May 26, 2024

Symphony of Silence Named Winner of $30,000 at Nature Connection Pitch, Co-Presented by The Redford Center and Mountainfilm Festival

Symphony of Silence follows the story of Josue, a young Cofan tribe member from the Amazon rainforest, and his mentor, acoustic ecologist Gordon Hempton, as they work to preserve the natural soundscapes of the earth’s quietest places, all while Hempton navigates degenerative hearing loss.

Telluride, CO – May 29, 2024 – The Redford Center, in collaboration with Mountainfilm Festival and in partnership with IF/Then Shorts, is thrilled to announce the winner of the 2024 Nature Connection Pitch. Symphony of Silence, directed by Julianne Sato-Parker and produced by Bridie Bischoff, was selected to receive $30,000 in funding from The Redford Center. The project was chosen by a jury consisting of industry leaders from Exposure Labs, Netflix, The North Face, and Reciprocity Project.

Symphony of Silence, shot in Olympic National Park and Seattle in Washington and the Zobalo region of the Amazon Rainforest, follows Josue, a member of the Cofan tribe in the Amazon rainforest, to Washington State as he learns how to capture the sounds of the natural world from Gordon Hempton, a pioneering acoustic ecologist who is losing his hearing. The pair come from vastly different worlds and generations but share the simple belief that recording and preserving the natural sounds of the planet has the potential to save it. 

Symphony of Silence was one of five finalists who pitched for the award, which seeks impactful stories of leaders, activists, and communities paving the way for creative and equitable solutions that reconnect individuals and communities with nature and the outdoors. The five finalist projects showcased issues such as equitable access to nature amidst urban barriers, the preservation of endangered species, and the revitalization of cultural traditions erased by settler colonialism. Through their compelling storytelling, these filmmakers shed light on the urgent imperative to protect our planet for future generations.

The jury was also especially moved and impressed by the impact goals of the film Follow The Water, supporting Indigenous water protectors in Guam. During the deliberation process, the jury raised funds for a special recognition award in the amount of $20,000 to support this project’s impact.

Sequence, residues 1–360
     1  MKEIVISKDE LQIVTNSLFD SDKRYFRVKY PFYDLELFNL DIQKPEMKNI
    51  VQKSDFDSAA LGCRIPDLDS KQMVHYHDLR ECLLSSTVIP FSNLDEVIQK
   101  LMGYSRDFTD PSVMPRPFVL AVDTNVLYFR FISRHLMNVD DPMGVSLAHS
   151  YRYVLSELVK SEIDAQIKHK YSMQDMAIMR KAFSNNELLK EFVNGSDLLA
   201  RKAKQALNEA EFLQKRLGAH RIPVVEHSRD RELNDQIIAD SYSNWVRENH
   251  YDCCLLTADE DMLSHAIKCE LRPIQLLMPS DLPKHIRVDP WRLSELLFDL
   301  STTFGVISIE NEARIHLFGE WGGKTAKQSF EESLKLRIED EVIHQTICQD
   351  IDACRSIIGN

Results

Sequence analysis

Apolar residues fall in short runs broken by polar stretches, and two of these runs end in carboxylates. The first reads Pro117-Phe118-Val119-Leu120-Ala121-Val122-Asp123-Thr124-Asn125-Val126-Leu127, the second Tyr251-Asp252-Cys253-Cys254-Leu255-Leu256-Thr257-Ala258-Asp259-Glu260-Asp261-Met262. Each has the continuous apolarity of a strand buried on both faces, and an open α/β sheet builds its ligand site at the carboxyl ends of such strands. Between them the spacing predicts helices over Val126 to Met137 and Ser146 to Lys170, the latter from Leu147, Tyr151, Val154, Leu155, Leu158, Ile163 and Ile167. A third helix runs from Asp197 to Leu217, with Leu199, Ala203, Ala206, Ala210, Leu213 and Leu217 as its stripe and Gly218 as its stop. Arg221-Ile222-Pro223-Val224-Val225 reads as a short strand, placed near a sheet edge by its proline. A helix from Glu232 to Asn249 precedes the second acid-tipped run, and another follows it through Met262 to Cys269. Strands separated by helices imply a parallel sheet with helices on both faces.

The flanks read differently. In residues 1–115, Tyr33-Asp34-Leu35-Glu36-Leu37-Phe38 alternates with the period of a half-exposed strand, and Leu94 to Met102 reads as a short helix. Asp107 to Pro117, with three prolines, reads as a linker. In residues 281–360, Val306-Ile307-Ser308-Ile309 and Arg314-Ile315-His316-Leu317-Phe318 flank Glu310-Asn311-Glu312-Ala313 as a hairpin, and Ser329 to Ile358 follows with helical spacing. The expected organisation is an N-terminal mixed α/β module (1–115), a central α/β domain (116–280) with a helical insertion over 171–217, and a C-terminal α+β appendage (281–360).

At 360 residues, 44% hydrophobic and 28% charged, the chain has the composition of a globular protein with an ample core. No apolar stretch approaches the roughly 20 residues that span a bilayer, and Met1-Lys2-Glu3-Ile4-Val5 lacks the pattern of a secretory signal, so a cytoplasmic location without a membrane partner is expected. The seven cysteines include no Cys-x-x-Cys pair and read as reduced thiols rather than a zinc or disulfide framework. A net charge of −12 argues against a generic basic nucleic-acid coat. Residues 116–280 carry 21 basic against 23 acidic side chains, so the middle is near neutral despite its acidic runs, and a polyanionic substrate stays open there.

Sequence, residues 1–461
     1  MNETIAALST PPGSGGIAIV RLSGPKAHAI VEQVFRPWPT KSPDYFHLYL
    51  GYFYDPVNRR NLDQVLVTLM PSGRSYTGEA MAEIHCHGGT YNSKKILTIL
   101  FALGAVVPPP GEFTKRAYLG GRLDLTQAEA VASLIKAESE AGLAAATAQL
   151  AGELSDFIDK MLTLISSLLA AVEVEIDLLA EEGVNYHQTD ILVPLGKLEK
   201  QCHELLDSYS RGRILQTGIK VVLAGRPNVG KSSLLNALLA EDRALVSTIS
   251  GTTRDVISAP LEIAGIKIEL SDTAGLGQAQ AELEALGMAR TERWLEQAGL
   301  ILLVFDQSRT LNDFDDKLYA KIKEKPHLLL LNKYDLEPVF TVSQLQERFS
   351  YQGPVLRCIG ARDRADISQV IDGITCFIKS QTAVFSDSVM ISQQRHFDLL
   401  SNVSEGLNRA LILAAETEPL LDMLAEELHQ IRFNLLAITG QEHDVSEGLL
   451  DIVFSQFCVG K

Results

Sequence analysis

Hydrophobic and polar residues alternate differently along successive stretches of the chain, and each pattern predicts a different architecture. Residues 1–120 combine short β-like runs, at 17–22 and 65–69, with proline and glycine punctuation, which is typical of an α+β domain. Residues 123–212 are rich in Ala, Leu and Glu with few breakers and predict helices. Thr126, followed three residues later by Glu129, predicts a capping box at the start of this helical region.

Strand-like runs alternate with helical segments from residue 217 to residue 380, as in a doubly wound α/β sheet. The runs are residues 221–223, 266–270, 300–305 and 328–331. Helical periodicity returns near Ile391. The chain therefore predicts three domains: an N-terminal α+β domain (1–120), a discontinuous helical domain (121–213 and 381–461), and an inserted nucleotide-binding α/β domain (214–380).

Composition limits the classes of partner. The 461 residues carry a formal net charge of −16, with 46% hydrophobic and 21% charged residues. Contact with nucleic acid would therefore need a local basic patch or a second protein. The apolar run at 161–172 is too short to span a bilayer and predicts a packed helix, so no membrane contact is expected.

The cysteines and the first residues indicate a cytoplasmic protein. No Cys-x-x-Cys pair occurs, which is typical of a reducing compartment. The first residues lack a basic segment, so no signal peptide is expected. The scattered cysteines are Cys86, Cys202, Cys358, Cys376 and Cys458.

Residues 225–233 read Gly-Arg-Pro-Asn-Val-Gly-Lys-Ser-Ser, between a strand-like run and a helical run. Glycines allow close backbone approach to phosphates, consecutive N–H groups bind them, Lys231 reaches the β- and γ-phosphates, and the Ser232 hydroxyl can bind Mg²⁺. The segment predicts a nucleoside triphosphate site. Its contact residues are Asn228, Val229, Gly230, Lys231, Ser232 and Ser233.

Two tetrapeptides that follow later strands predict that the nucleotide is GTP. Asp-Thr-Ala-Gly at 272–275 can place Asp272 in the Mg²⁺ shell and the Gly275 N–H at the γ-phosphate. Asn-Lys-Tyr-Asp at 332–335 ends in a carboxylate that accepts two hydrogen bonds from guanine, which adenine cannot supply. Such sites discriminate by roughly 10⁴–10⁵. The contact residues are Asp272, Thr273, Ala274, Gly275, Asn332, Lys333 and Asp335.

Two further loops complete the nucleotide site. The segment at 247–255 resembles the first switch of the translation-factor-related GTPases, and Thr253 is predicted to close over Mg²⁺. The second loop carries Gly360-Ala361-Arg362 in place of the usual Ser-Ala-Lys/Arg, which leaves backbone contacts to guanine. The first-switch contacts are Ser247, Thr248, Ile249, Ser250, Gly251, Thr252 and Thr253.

"These filmmakers have captured a remarkable spectrum of topics that magnify humanity's intricate connection with nature. Their stories personalize and humanize our bond and inspire audiences to engage with the broader movements dedicated to environmental progress,” said Jill Tidman, Executive Director of The Redford Center. “Funding values-based, independent films like these is vital to driving more participation in the solutions, especially at a time when industry support is scarce and shrinking. It’s truly an honor to work alongside our partners and peers to support these artists and their powerful work.”

Nature Connection Pitch events were held in-person at the 2024 Mountainfilm Festival in Telluride, CO, taking place May 23–27, 2024, and included a workshop on impact-driven filmmaking hosted by The Redford Center, and a tailored pitch training conducted by IF/Then Shorts. While Symphony of Silence received the winning production grant, the four remaining finalists received grants of $7,000 each to support the development and production of their documentaries, impact and professional development, as well as travel, accommodation and passes to attend Mountainfilm Festival. 

The five finalist films included:
Symphony of Silence (Juliane Sato Parker, director; Bridie Bischoff, producer) tells the story of Josue, a member of the Cofan tribe in the Amazon rainforest, has come to Washington State to learn how to capture the sounds of the natural world Gordon Hempton, a pioneering acoustic ecologist who is losing his hearing. The pair come from vastly different worlds, but share the simple belief that recording the natural sounds of the planet has the potential to help save it. 

Hitoláayca: Going Upriver (Anna Lueck, director; Clark Shimeall, producer): Devin Reuben is training to be the first certified nimiipuu whitewater guide of his generation. The nimiipuu (Nez Perce) have a long history with river travel — in fact, they introduced the practice to settlers — but centuries of displacement and disconnection means Tribal members are now largely absent from their ancestral rivers. Devin says, “it’s one big step for us: not just me, all of us. We’re slowly bringing our culture back.”